Reading: Chapter 10 of Goodrich et al.

Each internal node \(v\) contains a key \(k\) such that

- Keys stored in the left subtree of \(v\) are less than or equal to \(k\).
- Keys stored in the right subtree of \(v\) are greater than or equal to \(k\).

By the convention of the textbook, nodes include a parent pointer, and only internal nodes contain keys. The existence of empty external nodes ensures that every binary search tree is *proper* and simplifies some operations (arguably). We assume a constructor of the form

node(*parent*, *left*, *right*)

An in-order traversal produces a list of keys in non-decreasing order.

We can confirm that a given binary tree is a binary search tree as follows:

isBST(\(v\), \(min\), \(max\))

if \(v\) is external

return true

if \(v\).key < \(min\) or \(v\).key > \(max\)

return false

else

return isBST(\(v\).left, \(min\), \(v\).key) and isBST(\(v\).right, \(v\).key, \(max\))

Calling this function like so: isBST(\(v\), \(-\infty\), \(+\infty\))

This search function returns either the internal node containing the given key \(k\) (if found) or the external node where \(k\) should have appeared (if not found).

search(\(v\), \(k\))

if \(v\) is external

return \(v\)

if \(k\) < \(v\).key

return search(\(v\).left, \(k\))

if \(k\) > \(v\).key

return search(\(v\).right, \(k\))

return \(v\)

Binary search is \(O(h)\) in the height \(h\). We expect \(h\) to be \(O(\log n)\) on average.

This insertion function takes advantage of the search function. It has two cases: insertion of a duplicate key and insertion of a unique key.

insert(\(v\), \(k\))

\(w\gets\) search(\(v\), \(k\))

if \(w\) is internal

return insert(\(w\).left, \(k\))

else

\(w\).key \(\gets k\)

\(w\).left \(\gets\) new node(\(w\), \(\emptyset\), \(\emptyset\))

\(w\).right \(\gets\) new node(\(w\), \(\emptyset\), \(\emptyset\))

return \(w\)

Note that the minimum value is always found at the left-most internal node. Thus determining the front of a binary-search-tree-based priority queue is \(O(\log n)\).

Removal has multiple cases in two classes: removal of a node with two children and removal of a node with zero or one child.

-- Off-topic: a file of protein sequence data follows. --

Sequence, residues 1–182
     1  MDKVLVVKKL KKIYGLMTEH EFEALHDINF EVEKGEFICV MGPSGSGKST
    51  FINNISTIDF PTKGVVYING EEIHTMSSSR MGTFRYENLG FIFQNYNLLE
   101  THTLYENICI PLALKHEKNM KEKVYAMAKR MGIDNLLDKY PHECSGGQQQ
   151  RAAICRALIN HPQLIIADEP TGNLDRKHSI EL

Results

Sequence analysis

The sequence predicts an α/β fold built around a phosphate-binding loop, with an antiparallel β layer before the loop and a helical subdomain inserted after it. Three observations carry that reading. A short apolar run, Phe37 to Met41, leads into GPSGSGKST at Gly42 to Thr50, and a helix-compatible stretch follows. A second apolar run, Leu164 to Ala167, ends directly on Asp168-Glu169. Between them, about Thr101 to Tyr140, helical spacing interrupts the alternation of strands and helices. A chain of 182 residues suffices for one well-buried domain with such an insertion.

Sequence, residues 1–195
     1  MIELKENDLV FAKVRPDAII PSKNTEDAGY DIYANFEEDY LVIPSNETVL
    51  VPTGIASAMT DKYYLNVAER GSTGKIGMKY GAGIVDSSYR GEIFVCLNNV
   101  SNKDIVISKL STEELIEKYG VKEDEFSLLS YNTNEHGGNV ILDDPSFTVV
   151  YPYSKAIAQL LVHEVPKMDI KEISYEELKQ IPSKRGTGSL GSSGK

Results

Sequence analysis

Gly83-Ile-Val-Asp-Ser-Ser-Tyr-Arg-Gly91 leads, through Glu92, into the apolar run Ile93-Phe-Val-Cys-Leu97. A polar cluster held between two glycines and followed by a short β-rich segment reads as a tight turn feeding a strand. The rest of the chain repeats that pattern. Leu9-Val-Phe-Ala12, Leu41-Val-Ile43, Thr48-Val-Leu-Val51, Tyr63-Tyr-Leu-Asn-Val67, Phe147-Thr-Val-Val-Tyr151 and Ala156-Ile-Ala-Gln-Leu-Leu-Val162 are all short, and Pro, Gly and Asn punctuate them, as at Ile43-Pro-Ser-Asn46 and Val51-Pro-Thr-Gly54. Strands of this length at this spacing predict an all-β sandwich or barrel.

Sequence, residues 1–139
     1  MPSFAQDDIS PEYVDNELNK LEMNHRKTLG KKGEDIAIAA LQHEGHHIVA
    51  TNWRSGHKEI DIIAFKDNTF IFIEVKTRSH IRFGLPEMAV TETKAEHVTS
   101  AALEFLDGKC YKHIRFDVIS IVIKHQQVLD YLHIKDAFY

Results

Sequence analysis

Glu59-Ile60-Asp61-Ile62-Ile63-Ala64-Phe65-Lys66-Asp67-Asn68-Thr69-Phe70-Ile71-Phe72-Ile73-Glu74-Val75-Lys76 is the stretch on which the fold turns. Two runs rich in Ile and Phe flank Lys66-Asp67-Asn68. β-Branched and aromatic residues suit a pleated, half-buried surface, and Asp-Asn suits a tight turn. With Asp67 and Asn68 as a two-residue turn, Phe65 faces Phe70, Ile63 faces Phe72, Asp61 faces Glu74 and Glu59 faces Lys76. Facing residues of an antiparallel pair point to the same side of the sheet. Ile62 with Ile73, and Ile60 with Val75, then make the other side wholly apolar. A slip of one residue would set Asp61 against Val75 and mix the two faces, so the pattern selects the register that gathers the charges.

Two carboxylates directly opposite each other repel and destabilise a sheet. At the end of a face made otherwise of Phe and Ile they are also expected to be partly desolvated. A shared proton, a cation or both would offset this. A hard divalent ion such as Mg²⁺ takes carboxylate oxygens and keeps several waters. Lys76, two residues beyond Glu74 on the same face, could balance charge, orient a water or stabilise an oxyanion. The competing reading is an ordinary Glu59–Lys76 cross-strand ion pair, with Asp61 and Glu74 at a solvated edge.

remove(\(v\), \(k\))

\(w\gets\) search(\(v\), \(k\))

if \(w\) is external

throw an error

else if \(w\).left is internal and \(w\).right is internal

\(y\gets\) findMin(\(w\).right)

\(w\).key \(\gets y\).key

replace(\(y\), \(y\).right)

else if \(w\).left is internal

replace(\(w\), \(w\).left)

else

replace(\(w\), \(w\).right)

The replace function swaps node \(w\) into the tree in place of \(v\).

replace(\(v\), \(w\))

if \(v\).parent.left = \(v\)

\(v\).parent.left \(\gets w\)

else

\(v\).parent.right \(\gets w\)

\(w\).parent \(\gets v\).parent

The findMin function finds the smallest key in a given subtree.

findMin(\(v\))

if \(v\).left is internal

return findMin(\(v\).left)

else

return \(v\)

Here is an alternative formulation in the functional style. It rebuilds nodes along the \(O(\log n)\) path from leaf to root, but requires neither parent pointers nor explicitly-represented external nodes.

insert(\(v\), \(k\))

if \(v\)

if \(k\) > \(v\).key

return new node(\(v\).key, \(v\).left, insert(\(v\).right, \(k\)))

else

return new node(\(v\).key, insert(\(v\).left, \(k\)), \(v\).right)

else

return new node(k, \(\emptyset\), \(\emptyset\))

remove(\(v\), \(k\))

if \(v\)

if \(k\) < \(v\).key

return new node(\(v\).key, remove(\(v\).left, \(k\)), \(v\).right)

if \(k\) > \(v\).key

return new node(\(v\).key, \(v\).left, remove(\(v\).right, \(k\)))

if \(v\).left and \(v\).right

\(y \gets\) findMin(\(v\).right)

return new node(y.key, \(v\).left, remove(\(v\).right, \(y\).key))

if \(v\).left

return \(v\).left

else

return \(v\).right

return \(\emptyset\)

An a AVL tree is a binary tree where each node stores its own *height* (the length of the longest path from that node to an external node).

An AVL tree has the *height-balance property*: for every internal node \(v\), the heights of the children of \(v\) differ by at most 1.

The height of an AVL tree with \(n\) entries is \(O(\log n)\). This is straightforward to prove using the following definition giving the minimum number of nodes in a tree of height \(h\).

\[n(h) = \begin{cases} 1 & h = 1 \\ 2 & h = 2 \\ 1 + n(h-1) + n(h - 2) & \text{otherwise} \\ \end{cases}\]

A splay tree is an ordinary binary search tree with a “splay” operation that rotates a value to the root.

Search for \(k\): Search for \(k\) normally. If found, splay on the value \(k\).

Split at \(k\): splay on the value \(k\). The resulting tree will have all \(x\le k\) in the left subtree and all \(x\gt k\) in the right.

Join \(S\) and \(T\) where \(s\le t\) for all \(s\) in \(S\) and \(t\) in \(T\). Splay on the maximum value in \(S\). The resulting tree will have no right subtree at the root. Place \(T\) there.

Insert: Insert \(k\) normally, then splay on the value \(k\).

Delete: Splay the value \(k\). If \(k\) is at the root, join the two subtrees.

Strong formulations of the Map, Set, Multi-map, and Multi-set data structures are all directly derivable from the Balanced Binary Search Tree.